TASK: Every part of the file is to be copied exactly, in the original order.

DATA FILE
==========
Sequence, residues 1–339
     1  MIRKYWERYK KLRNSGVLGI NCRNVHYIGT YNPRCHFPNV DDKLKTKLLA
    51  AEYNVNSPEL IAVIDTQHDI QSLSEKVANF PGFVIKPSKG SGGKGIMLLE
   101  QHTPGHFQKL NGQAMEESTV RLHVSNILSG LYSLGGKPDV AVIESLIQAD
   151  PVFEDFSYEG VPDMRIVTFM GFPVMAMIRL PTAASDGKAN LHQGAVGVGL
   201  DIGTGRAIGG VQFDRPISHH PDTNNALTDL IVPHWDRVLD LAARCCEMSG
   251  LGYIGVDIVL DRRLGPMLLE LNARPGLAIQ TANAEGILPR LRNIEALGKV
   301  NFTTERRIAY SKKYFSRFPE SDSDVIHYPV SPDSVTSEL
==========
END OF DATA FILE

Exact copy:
Sequence, residues 1–339
     1  MIRKYWERYK KLRNSGVLGI NCRNVHYIGT YNPRCHFPNV DDKLKTKLLA
    51  AEYNVNSPEL IAVIDTQHDI QSLSEKVANF PGFVIKPSKG SGGKGIMLLE
   101  QHTPGHFQKL NGQAMEESTV RLHVSNILSG LYSLGGKPDV AVIESLIQAD
   151  PVFEDFSYEG VPDMRIVTFM GFPVMAMIRL PTAASDGKAN LHQGAVGVGL
   201  DIGTGRAIGG VQFDRPISHH PDTNNALTDL IVPHWDRVLD LAARCCEMSG
   251  LGYIGVDIVL DRRLGPMLLE LNARPGLAIQ TANAEGILPR LRNIEALGKV
   301  NFTTERRIAY SKKYFSRFPE SDSDVIHYPV SPDSVTSEL